Thanks to all of the Ohioans who voted on Tuesday. I was stupid and didn’t think of getting an absentee ballot before I left the country. I was too caught up in student teaching in Loveland to even think about it…isn’t that ironic?
Anyway, the repeal of Senate Bill 5 is good news for me, as I’ll be (hopefully) teaching next year. I always feels as if there are rumors and exaggerations about things like this, but this one was pretty bad. I have some links to the Secretary of State’s website that outline the arguments for and against Issue 2.
Click here for the opposition
Click here for the affirmative
I was pretty disappointed about the quality of information here. Both ‘arguments’ seemed to me just generalization and pathos. So I tried another link on the website, titled “Full Text.” Dear Lord, it was the most impossible thing to parse and understand. Maybe I wasn’t looking in the right place to figure out what exactly this bill is saying…but don’t you think the Secretary of State’s webpage would be helpful?
On the affirmative side, you’ll see that Issue 2 would “enable schools to retain and reward good teachers by allowing them to base pay raises on job performance.”
It sounds great, right? Pay the good teachers more! I don’t even know where I could find this plan or how it would be enabled had the issue been approved, but the only idea I have is taking OGT scores and seeing whether teachers have ‘raised’ their students’ scores. Which still doesn’t make sense because only teachers through the 10th grade level focus on OGT preparation. While I taught in Loveland (11th and 12th graders), the OGT was a thing of the past. Some other 11th and 12th grade teachers may not be so fortunate to say that, as it does take some students until senior year to pass. It’s still not a base evaluative factor, though. Hmm.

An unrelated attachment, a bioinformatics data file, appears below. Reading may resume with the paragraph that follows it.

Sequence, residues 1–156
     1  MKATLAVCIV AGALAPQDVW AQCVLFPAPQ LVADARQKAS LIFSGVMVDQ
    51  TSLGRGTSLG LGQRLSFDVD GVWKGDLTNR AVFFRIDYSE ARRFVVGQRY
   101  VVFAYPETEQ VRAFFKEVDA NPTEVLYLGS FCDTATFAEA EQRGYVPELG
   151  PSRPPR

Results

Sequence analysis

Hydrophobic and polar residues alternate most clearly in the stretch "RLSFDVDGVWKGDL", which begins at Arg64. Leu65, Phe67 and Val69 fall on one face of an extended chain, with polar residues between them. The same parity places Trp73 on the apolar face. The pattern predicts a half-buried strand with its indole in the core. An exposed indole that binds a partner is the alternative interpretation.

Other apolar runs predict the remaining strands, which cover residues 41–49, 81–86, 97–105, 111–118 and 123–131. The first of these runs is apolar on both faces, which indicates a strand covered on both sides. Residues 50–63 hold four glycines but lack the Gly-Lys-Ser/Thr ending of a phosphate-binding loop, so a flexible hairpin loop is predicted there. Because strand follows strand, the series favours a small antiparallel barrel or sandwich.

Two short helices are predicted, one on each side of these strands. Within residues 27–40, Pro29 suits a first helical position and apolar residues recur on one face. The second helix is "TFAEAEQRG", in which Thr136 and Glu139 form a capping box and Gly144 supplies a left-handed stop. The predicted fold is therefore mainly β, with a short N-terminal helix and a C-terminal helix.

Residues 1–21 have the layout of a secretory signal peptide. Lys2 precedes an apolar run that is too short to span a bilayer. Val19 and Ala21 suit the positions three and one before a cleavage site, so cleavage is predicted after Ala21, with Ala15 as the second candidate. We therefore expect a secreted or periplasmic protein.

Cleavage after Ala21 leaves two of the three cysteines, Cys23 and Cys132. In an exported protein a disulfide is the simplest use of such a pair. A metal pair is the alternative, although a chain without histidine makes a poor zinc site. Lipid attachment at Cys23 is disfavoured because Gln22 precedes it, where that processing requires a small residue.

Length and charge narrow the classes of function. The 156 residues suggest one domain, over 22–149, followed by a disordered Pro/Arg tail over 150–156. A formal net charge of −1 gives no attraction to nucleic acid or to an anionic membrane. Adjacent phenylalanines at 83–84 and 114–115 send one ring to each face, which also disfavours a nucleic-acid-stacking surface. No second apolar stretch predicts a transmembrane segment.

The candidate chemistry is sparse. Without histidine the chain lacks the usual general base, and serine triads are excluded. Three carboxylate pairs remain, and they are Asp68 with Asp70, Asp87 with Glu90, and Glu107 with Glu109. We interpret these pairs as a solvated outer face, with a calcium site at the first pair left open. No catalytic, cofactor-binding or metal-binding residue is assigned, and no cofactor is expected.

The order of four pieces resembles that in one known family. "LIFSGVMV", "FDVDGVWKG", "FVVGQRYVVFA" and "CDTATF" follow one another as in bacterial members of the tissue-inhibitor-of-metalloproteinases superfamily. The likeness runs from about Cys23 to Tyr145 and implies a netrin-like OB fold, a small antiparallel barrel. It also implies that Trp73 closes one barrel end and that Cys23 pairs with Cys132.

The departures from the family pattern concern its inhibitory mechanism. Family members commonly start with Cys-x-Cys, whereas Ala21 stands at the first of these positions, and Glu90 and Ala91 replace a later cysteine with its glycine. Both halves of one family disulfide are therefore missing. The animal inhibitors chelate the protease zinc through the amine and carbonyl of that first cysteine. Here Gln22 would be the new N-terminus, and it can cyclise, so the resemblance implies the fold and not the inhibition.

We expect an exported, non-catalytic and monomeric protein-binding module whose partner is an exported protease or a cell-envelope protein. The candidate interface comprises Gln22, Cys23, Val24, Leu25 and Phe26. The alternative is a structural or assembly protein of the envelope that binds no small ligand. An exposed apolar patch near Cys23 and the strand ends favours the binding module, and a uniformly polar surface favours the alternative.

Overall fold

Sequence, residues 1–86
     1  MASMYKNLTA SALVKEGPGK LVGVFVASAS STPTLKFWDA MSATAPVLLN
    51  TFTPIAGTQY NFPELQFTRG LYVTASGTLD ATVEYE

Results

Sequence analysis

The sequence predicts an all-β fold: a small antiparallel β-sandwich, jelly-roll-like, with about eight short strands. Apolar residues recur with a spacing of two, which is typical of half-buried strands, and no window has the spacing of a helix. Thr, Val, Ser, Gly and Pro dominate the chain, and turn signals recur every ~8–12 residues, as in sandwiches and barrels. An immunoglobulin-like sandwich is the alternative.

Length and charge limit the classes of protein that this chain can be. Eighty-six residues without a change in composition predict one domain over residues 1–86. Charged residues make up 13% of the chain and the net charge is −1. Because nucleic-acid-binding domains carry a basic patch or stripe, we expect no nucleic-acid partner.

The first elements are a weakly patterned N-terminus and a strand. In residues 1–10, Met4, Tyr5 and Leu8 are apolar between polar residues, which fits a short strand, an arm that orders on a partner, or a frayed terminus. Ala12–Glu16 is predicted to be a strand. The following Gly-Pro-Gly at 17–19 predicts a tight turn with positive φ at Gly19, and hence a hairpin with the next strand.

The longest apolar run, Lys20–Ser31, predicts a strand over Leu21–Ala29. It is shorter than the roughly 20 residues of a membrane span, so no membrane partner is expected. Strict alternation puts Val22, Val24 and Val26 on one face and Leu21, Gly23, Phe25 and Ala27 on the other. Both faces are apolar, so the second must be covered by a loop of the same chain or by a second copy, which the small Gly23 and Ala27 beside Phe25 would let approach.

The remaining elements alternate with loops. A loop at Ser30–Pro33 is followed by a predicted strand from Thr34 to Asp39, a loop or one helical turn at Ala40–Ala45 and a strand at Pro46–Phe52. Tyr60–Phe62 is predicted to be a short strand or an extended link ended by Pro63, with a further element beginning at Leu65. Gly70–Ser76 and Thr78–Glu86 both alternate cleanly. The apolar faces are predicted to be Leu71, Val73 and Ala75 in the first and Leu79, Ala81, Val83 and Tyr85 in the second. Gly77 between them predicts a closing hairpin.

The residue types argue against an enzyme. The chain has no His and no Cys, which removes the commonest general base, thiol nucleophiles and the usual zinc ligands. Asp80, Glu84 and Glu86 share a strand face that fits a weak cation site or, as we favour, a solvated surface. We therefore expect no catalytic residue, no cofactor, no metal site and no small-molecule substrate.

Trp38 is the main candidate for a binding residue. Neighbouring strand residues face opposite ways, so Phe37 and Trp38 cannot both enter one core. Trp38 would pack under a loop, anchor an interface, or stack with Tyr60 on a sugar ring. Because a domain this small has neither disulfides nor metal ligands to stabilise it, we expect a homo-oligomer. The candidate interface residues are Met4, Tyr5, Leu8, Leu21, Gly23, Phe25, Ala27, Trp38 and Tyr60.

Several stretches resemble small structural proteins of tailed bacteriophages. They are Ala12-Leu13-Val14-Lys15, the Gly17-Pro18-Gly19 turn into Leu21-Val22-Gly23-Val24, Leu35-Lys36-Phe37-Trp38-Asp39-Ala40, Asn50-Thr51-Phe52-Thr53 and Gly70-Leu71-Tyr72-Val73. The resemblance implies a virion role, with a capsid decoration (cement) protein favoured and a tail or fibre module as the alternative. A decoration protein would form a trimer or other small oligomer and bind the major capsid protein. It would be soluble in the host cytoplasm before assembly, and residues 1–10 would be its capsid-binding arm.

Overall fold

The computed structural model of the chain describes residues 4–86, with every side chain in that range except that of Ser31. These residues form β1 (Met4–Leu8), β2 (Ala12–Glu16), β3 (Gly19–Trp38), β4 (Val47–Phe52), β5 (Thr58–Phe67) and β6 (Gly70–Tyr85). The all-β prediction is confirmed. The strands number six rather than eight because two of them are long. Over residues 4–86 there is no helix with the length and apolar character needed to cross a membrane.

Another idea could be that principals would be given the responsibility of figuring out who’s worthy of more pay because he or she has to do routine evaluations of these teachers. Which is scary. Because we’ve all known one of those principals. The one who is totally out of touch and plays favorites, coddles coaches, and never gets to know the kids—-or the teachers.
Side note: no offense to you teachers who are coaches. Yes offense to you who are coaches and think you’re a coach before you’re a teacher. I’m not afraid to say that I had teachers like that in high school who taught me next to nothing, sat in their chairs reviewing stats and plays while giving me a wordsearch to do for busy work. How is that OK? And why hasn’t anyone confronted those people?
So, I like the idea of rewarding those teachers who work their butts off (Theresa Bosse, I’m looking at you) but I just am scared of how this ‘evaluation’ thing would go down.
This is my ideal: someday teachers will be able to critique and keep other teachers accountable for the sake of teacher quality and not pride (instead of waiting on administration and legislation).
I don’t want to act like I have answers, but this is just what I know right now given my experiences. However, I think we all need to do a better job of being educated about these matters, myself wholly included, because yes! Even politicians have half-baked ideas.
If you have any information about the accountability idea in Ohio and throughout the United States, PLEASE send it my way.
In the meantime, watch this: